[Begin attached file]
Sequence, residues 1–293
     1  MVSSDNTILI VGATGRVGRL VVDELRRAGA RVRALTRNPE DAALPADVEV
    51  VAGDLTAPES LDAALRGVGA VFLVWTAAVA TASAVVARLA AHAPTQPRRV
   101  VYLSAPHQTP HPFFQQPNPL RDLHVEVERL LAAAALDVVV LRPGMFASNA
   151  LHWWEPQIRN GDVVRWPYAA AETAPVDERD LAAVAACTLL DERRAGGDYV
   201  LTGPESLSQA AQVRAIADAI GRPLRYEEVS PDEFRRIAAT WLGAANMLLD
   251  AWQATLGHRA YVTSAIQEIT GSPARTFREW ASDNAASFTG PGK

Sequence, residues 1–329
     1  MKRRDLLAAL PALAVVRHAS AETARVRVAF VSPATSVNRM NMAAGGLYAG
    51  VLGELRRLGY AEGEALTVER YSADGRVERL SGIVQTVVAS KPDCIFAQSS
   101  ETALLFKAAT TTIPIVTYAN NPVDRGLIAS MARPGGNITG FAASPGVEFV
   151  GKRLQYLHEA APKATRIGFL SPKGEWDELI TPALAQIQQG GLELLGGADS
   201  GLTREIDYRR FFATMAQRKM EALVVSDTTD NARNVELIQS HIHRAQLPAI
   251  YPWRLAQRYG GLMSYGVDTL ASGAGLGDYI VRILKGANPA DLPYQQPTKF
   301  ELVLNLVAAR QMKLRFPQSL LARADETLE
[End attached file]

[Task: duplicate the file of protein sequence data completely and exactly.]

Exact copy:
Sequence, residues 1–293
     1  MVSSDNTILI VGATGRVGRL VVDELRRAGA RVRALTRNPE DAALPADVEV
    51  VAGDLTAPES LDAALRGVGA VFLVWTAAVA TASAVVARLA AHAPTQPRRV
   101  VYLSAPHQTP HPFFQQPNPL RDLHVEVERL LAAAALDVVV LRPGMFASNA
   151  LHWWEPQIRN GDVVRWPYAA AETAPVDERD LAAVAACTLL DERRAGGDYV
   201  LTGPESLSQA AQVRAIADAI GRPLRYEEVS PDEFRRIAAT WLGAANMLLD
   251  AWQATLGHRA YVTSAIQEIT GSPARTFREW ASDNAASFTG PGK

Sequence, residues 1–329
     1  MKRRDLLAAL PALAVVRHAS AETARVRVAF VSPATSVNRM NMAAGGLYAG
    51  VLGELRRLGY AEGEALTVER YSADGRVERL SGIVQTVVAS KPDCIFAQSS
   101  ETALLFKAAT TTIPIVTYAN NPVDRGLIAS MARPGGNITG FAASPGVEFV
   151  GKRLQYLHEA APKATRIGFL SPKGEWDELI TPALAQIQQG GLELLGGADS
   201  GLTREIDYRR FFATMAQRKM EALVVSDTTD NARNVELIQS HIHRAQLPAI
   251  YPWRLAQRYG GLMSYGVDTL ASGAGLGDYI VRILKGANPA DLPYQQPTKF
   301  ELVLNLVAAR QMKLRFPQSL LARADETLE